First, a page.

Local residents team up to run 178 miles over 28 hours
By Debra Moore
While most of us were sleeping last Friday night, some Plumas County residents were on the run. Twelve individuals — including residents and former residents — were in the midst of a 178-mile run that got underway Friday, June 3 and concluded Saturday, June 4.
The Reno-Tahoe Odyssey Relay Run Adventure (RTO) is a relay from Reno to Lake Tahoe and then back to Reno making a large 178-mile loop around the Reno-Tahoe region. The relay starts the Truckee River in downtown Reno, passes through Truckee, Tahoe City, South Lake Tahoe, Genoa, Carson City and Virginia City before returning to Reno and finishing at Idlewild Park.
The course is divided into 36 legs or segments, with each leg averaging about 5 miles. Teams of 12 each run three legs interspersed throughout the 24-hour-plus event.
The local team, calling themselves Super Peeps, consisted of Jo Oliver, Rachel Bauer, Ali Pence, Maurice Huynh, Audrey Yang, Justine Mansfield, Marisa Lerch, Kenny Lutz, Steph Tanaka, Stephanie Driscoll, Sean Harris and Alana Nelson.
The group is divided into two vans that meet up when it’s time to exchange the teams. The first van starts off in Reno, while the second van heads to Truckee for the transition. They all meet up in Reno to celebrate the completion of the race that this year they finished in 28 hours, seven minutes and 21 seconds.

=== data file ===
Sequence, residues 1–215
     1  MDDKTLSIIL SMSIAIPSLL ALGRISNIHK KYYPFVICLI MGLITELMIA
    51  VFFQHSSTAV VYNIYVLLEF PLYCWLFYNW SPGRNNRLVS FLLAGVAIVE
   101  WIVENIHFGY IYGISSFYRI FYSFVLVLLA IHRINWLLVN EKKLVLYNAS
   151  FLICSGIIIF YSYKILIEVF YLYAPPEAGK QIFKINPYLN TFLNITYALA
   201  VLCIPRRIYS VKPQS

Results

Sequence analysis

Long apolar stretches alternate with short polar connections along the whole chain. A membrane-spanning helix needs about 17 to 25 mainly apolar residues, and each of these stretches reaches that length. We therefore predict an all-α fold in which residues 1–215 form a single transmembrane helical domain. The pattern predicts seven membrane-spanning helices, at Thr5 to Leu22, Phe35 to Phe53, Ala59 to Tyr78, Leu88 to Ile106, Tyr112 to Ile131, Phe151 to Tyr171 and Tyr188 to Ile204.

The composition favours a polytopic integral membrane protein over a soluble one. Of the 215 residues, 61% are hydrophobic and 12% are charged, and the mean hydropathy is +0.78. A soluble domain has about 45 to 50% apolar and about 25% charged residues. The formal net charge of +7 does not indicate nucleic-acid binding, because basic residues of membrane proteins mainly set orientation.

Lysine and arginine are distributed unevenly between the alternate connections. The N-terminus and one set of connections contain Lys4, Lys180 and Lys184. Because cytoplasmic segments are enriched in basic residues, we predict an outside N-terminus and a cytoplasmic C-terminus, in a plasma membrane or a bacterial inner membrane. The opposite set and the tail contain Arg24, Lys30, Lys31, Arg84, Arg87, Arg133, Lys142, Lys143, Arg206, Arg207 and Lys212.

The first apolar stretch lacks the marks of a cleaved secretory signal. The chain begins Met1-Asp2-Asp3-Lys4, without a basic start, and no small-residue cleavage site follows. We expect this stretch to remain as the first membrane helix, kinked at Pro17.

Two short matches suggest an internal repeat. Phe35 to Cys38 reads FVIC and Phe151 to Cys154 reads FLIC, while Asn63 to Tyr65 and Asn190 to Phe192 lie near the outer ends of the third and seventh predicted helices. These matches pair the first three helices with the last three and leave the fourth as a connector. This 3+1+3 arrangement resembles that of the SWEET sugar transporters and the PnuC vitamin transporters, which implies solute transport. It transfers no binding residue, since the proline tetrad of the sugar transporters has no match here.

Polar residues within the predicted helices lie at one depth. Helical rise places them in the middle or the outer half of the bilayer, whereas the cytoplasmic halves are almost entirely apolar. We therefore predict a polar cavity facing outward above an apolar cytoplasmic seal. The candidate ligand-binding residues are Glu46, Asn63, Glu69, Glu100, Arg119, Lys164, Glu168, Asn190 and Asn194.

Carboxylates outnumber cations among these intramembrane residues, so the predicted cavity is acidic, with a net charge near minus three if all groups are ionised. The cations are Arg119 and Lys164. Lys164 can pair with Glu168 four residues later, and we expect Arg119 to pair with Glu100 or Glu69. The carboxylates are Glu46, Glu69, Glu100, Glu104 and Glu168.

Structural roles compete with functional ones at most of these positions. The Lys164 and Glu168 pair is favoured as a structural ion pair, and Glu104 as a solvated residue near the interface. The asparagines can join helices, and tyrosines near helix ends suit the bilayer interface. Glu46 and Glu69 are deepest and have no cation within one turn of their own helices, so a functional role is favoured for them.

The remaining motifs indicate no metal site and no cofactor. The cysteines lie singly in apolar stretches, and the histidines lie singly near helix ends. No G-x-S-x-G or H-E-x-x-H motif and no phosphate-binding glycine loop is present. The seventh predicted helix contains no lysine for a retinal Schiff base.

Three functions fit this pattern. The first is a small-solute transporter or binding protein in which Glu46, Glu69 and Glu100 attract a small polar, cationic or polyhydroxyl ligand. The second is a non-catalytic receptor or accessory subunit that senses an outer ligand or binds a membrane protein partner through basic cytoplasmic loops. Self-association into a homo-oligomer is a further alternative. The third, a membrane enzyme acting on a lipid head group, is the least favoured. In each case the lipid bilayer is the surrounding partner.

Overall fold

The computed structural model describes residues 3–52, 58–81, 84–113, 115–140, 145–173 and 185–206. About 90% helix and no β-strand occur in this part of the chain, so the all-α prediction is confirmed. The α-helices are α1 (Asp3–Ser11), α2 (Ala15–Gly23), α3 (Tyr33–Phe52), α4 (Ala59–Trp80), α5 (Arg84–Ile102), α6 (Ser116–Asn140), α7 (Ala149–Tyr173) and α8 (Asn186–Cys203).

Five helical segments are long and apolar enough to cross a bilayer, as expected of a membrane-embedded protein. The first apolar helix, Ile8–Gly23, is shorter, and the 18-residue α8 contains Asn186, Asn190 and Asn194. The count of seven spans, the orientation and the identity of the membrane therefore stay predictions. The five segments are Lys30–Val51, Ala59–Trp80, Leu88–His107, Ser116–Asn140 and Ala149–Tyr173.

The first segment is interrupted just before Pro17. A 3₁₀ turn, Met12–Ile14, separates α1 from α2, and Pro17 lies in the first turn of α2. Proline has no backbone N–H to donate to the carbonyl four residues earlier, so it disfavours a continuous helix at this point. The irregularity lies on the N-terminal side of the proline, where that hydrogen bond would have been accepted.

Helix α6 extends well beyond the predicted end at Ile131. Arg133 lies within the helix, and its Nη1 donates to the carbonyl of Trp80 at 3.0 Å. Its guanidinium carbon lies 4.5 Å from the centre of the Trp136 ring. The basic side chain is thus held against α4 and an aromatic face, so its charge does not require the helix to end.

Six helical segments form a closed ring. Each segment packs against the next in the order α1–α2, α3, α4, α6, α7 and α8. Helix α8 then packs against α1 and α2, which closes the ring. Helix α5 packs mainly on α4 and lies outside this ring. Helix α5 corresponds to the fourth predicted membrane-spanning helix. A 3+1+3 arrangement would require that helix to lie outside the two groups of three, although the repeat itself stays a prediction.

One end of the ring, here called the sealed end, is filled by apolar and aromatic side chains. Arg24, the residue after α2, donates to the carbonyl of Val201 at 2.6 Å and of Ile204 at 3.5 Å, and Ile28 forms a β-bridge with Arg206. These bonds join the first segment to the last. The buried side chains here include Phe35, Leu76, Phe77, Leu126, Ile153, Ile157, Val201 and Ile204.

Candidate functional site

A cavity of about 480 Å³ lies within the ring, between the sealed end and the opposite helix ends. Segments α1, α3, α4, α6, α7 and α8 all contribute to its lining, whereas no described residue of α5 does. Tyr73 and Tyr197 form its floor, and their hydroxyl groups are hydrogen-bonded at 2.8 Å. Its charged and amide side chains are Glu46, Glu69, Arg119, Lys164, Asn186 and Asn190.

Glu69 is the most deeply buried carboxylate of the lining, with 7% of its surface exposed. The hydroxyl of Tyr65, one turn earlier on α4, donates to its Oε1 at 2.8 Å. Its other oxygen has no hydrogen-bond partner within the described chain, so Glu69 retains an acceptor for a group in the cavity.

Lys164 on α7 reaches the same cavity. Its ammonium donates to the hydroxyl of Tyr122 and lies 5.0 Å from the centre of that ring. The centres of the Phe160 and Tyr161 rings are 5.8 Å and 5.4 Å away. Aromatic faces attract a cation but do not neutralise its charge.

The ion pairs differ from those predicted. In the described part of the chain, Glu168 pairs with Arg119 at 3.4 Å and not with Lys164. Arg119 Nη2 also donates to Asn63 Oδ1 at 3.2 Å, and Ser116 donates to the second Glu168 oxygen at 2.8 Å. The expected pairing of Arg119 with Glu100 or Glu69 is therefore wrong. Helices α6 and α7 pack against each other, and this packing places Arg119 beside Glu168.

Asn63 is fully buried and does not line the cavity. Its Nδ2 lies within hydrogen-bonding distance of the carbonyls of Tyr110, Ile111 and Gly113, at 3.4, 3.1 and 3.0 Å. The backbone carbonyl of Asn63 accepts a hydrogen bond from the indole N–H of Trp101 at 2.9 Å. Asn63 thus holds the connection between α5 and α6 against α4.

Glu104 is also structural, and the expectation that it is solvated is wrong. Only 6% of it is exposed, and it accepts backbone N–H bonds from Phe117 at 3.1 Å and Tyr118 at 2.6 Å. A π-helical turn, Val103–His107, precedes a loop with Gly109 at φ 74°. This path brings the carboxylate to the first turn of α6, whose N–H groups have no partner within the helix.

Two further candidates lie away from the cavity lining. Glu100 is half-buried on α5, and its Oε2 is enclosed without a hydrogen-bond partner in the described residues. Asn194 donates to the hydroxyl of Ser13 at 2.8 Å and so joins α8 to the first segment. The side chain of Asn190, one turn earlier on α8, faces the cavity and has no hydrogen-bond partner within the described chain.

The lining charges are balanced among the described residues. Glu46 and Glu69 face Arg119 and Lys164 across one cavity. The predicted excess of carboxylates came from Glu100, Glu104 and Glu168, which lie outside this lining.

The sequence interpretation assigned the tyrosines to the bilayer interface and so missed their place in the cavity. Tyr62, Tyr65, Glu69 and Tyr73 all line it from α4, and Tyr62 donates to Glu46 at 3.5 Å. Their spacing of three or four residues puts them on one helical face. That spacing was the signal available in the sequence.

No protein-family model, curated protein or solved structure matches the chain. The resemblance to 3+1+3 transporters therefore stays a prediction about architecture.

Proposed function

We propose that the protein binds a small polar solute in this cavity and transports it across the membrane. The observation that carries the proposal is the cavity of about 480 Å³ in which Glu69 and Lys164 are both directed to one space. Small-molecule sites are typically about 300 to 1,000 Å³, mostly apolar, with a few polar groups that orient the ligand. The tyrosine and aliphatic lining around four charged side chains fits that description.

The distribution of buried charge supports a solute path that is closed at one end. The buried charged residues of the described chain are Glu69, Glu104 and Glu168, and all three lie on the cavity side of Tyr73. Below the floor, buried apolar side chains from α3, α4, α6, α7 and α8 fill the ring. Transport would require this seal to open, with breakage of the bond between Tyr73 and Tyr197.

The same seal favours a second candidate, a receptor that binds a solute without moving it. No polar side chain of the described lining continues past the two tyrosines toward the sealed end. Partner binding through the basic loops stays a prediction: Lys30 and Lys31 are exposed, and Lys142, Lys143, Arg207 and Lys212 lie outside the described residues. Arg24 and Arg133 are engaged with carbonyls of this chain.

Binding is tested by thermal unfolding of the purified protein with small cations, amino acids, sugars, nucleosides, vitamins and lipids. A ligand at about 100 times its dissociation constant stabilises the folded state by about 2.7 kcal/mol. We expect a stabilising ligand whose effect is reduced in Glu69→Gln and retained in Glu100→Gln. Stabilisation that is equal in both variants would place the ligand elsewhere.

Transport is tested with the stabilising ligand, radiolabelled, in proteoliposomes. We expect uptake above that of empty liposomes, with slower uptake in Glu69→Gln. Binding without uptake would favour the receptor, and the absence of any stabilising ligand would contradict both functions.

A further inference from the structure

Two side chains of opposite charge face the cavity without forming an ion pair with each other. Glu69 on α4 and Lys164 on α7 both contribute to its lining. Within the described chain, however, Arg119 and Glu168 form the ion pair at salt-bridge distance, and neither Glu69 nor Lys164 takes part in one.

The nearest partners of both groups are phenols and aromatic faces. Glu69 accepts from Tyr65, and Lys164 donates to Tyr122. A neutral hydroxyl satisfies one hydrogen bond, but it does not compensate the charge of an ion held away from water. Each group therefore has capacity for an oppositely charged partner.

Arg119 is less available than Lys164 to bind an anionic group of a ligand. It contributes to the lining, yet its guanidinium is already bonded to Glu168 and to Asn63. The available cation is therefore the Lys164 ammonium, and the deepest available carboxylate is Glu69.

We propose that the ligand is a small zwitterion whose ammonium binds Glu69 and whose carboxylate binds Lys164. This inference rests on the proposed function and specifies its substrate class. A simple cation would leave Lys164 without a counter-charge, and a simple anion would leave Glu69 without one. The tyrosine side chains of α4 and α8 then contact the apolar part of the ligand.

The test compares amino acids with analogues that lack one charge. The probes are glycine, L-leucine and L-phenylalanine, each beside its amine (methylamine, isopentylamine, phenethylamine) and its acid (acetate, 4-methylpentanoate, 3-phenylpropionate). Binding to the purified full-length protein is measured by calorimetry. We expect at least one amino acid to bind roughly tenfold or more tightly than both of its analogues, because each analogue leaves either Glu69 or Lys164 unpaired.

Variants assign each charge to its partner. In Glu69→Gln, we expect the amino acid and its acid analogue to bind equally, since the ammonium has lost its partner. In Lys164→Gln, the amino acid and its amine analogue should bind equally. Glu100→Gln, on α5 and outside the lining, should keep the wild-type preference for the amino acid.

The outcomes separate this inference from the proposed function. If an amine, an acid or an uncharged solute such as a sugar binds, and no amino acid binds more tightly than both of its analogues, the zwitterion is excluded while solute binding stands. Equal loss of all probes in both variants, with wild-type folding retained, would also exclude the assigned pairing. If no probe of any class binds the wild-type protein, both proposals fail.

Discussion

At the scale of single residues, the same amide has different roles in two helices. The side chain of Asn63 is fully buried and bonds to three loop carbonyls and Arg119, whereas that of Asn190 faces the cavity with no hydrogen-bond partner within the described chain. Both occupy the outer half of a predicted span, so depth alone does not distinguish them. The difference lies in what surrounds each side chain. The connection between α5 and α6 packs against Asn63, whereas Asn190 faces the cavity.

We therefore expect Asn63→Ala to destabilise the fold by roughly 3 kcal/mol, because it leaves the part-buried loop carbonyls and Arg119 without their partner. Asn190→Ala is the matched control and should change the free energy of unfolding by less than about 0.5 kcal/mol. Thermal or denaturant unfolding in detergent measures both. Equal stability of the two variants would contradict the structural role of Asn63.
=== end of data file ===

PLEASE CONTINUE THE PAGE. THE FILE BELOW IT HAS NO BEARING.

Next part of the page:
In prior races they were known as the Supergirls, but that’s before some men joined the team. This year nearly 250 teams competed ran the race and Super Peeps came in at number 87.
“We had some injuries this year,” said Stephanie Tanaka, the team leader, “but all of the runners pushed through. There was a lot of KT tape this year.”
Since the legs of the event are divided between easy, moderate, more challenging and most difficult, there’s strategy in deciding who will run each leg.
The terrain is varied from dirt trails to paved roadway — with some level ground, some ascent and some descent. When asked if the van trails the runners, Tanaka said sometimes it’s possible, but for example her first 3 miles she was on a trail where she couldn’t be seen. However, they are aware of where each runner is and there are others on the trail to watch out for each other.
As they complete each leg, they hand off a wristband to the next runner — a variation of passing the baton.
While one team runs, the other eats and tries to grab some rest, but in reality there is little sleep to be had. After the 28-hour-plus event, the Super Peeps were happy to snap a few photos, grab something to eat, visit with their peers and then head home for some much needed rest.